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Hello everyone, How to fix this physics problem, the objects pass trough to wall. I increased the Steps per second and Solver iterations in scene settings > Rigid body world. Also, I set the shape to Mesh in rigid body settings, but nothing happen...

Many thanks!

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    $\begingroup$ Check your Normals to ensure they’re pointing in the right direction. $\endgroup$ – Rich Sedman Feb 28 at 13:10
  • $\begingroup$ Thank you for your reply! I am a beginner in blender, with a past in cinema 4d, could you explain how to check the normals, please... $\endgroup$ – diniulian Feb 28 at 14:09
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    $\begingroup$ No worries - select your mesh and go into Edit mode (Tab) and then press N to open the properties panel (to the right of the 3d view). In there there should be a Mesh Display section with a Normals section. Enable ‘Display face normals as lines’ and you should see them shown on your mesh as short blue lines. Check they are pointing ‘outwards’ from each solid surface. If not, select the face and use Mesh/Face/Flip Normals to flip it to the other direction. $\endgroup$ – Rich Sedman Feb 28 at 14:27
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    $\begingroup$ Also, make sure you create your objects with a realistic scale (1 blender unit is effectively 1 metre) - large objects can result in unfeasibly large forces. If you resize anything make sure you Object/Apply/Scale to set that as the object’s actual scale to ensure you get realistic simulation. You can also set the object’s mass in the Physics panel - set it to something reasonable for the density of the object being modelled (eg, a cork ball will behave differently to a brass ball). $\endgroup$ – Rich Sedman Feb 28 at 14:32
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    $\begingroup$ Rich,thank you for taking your time to answer me. $\endgroup$ – diniulian Feb 28 at 14:34

When building a physics simulation it's important to ensure it fits with 'real world' proportions and properties in order to achieve a realistic simulation.

Firstly, ensure your surface Normals are pointing in the right direction. You can view your normals in Edit mode (Tab), opening the Properties side-bar (N), scroll down to Mesh Display and enable 'Display face normals as lines'. This will display short blue lines at the centre of each face to indicate the face 'direction'. For physics collisions to correctly detect 'inside' and 'outside' you should ensure your normals are all pointing 'out'. If you need to adjust the normals there is an option to 'Flip Normals' (change the selected faces to point the other direction).

Ensure your objects are all at a 'realistic' scale in the real world - if you haven't set a specific scale on your scene (eg, Metres, Millimetres, etc.) then you can assume 1 Blender Unit (the units that your dimensions of objects are measured in) will represent 1 metre. Note that the scale is important for the physics simulation - the forces resultant from a falling 0.01m x 0.01m x 0.1m block (eg, similar size to a Jenga block) will be considerably different to a 1m x 1m x 10m wooden beam - even though the proportions are similar.

If your objects have had their 'scale' adjusted (using the Scale tool) you should ensure you 'Apply Scale' to have their new scale affect the simulation. This can be acheived by selecting the mesh in Object mode, pressing Ctrl+A and select Scale.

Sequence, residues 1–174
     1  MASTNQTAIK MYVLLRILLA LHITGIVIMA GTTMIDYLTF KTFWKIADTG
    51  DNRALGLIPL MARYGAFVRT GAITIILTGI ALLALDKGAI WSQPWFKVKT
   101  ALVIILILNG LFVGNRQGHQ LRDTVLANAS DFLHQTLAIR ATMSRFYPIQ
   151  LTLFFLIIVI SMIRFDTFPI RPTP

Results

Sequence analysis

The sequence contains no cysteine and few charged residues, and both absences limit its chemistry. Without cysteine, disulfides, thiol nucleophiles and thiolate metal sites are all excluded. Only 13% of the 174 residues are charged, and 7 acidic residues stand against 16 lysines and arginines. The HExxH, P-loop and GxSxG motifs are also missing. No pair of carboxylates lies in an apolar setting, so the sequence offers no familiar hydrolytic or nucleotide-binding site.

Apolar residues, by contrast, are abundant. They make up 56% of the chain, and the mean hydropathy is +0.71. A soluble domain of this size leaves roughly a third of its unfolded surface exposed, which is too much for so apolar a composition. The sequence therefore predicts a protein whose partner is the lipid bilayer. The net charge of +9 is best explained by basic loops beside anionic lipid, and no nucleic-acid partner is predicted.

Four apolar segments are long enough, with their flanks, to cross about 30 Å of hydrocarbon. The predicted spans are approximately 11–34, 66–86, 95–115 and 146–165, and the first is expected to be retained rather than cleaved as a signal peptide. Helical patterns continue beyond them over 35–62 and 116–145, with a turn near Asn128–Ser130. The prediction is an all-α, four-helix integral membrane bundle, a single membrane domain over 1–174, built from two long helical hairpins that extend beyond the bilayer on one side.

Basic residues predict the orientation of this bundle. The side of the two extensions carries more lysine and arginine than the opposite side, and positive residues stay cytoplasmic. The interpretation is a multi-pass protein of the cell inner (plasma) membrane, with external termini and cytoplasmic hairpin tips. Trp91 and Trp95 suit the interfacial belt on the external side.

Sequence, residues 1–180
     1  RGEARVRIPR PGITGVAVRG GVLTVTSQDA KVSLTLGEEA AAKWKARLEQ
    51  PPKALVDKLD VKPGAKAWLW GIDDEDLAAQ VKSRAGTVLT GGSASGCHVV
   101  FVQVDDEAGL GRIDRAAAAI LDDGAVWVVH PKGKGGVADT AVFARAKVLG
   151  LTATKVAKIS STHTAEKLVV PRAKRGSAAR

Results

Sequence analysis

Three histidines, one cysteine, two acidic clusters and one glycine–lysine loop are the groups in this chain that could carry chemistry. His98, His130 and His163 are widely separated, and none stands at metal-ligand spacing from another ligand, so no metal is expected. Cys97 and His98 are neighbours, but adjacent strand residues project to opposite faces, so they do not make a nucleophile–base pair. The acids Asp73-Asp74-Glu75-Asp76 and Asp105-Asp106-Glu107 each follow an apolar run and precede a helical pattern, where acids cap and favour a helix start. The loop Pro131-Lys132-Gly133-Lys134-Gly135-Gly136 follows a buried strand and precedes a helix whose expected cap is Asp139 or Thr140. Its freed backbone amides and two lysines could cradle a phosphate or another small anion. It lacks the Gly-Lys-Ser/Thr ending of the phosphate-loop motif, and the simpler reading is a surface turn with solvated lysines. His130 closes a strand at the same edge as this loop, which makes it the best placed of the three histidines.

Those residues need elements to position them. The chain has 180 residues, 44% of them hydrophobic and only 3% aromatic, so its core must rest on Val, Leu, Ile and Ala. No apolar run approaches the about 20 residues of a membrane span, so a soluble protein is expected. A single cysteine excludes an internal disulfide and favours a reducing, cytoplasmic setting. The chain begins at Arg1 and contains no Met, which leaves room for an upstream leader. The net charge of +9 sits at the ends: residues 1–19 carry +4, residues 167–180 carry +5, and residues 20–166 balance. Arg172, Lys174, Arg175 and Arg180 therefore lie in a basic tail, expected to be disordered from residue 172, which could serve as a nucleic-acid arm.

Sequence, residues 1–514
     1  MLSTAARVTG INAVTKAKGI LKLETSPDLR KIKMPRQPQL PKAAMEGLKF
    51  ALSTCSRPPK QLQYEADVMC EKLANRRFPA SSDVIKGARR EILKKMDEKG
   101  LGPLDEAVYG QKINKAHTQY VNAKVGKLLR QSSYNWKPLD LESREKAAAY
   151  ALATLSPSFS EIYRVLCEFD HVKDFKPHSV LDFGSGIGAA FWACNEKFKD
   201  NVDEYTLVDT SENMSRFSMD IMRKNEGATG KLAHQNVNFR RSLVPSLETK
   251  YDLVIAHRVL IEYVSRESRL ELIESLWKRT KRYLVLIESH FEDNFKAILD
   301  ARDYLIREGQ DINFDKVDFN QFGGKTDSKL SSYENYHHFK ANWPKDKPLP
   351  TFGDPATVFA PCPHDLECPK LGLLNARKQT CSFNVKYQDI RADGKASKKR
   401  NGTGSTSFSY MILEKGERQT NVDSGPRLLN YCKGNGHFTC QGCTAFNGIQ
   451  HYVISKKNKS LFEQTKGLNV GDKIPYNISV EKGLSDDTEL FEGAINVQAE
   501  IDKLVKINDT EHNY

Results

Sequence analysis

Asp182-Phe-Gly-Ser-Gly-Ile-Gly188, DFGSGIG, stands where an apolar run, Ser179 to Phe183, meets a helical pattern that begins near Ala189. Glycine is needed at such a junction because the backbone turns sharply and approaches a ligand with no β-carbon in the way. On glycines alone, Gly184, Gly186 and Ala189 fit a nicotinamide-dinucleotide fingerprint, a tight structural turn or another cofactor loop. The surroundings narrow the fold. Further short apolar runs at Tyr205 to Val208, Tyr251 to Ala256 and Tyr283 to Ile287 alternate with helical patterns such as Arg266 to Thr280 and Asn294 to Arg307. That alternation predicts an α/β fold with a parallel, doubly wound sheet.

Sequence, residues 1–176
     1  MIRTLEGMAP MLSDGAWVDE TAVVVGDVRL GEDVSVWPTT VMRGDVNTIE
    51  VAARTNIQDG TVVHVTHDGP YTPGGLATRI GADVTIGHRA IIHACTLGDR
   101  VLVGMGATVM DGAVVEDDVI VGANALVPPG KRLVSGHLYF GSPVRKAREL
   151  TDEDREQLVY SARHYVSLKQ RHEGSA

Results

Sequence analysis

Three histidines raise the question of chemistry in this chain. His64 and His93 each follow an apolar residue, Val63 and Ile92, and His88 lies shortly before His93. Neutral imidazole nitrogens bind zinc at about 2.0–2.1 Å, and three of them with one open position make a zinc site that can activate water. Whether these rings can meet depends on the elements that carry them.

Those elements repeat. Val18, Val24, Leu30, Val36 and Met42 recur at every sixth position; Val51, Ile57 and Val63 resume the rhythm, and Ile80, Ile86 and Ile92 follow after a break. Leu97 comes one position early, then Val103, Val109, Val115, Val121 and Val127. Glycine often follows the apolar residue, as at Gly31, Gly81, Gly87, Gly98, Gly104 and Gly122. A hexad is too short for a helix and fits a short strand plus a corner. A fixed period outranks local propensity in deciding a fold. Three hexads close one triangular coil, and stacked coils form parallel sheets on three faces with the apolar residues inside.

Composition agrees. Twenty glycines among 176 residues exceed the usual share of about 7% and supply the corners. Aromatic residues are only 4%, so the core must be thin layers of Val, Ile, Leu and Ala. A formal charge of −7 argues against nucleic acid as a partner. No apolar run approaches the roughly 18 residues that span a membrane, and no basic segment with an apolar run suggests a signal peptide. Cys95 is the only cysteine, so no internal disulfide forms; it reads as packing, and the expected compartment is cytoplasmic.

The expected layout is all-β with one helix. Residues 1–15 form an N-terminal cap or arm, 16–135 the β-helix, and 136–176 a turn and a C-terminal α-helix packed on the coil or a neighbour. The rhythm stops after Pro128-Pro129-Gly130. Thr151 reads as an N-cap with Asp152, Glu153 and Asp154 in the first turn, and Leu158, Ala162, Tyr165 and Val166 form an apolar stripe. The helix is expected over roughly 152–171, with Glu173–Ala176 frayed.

Finally, set the object's Mass to a realistic value for the behaviour of that object you desire. This is available in the Physics panel of the toolbar panel on the left-hand side (T) by clicking Calculate Mass. This allows you to select the material of that mesh to use in the physics simulation, such as Cork, Iron, Brass, Concrete, etc. - or set a Custom density if none of the preset ones are suitable.

Note that it can be beneficial to increase the Steps Per Second and Solver Iterations settings above their defaults (60 steps per second and 10 iterations) but care must be taken when increasing them too high as higher values result in shorter "timeslices" each time Blender evaluates a "step" in the simulation. Shorter timeslices result in much smaller forces and motions and the precision can result in rounding errors, adversely affecting the accuracy and realism of the simulation.

  • $\begingroup$ While these points are good advise, the simulation in the gif showing the problem possibly only needs more substeps. $\endgroup$ – Leander Mar 6 at 7:57
  • $\begingroup$ @Leander True - although the question does state that steps per second and solver iterations have both been increased. As part of investigating the problem I did replicate this and increasing steps per second didn’t solve it (and increasing too far can actually adversely affect the simulation - presumably by rounding of the calculation of the progressively smaller forces for smaller steps). $\endgroup$ – Rich Sedman Mar 6 at 8:03
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    $\begingroup$ That sounds insightful as well (and increasing too far can actually adversely affect the Simulation), I think it would make a good addition to the answer for people who are only experimenting with high step sizes. $\endgroup$ – Leander Mar 6 at 8:06
  • $\begingroup$ Good point @Leander - I've edited the answer. $\endgroup$ – Rich Sedman Mar 6 at 12:11

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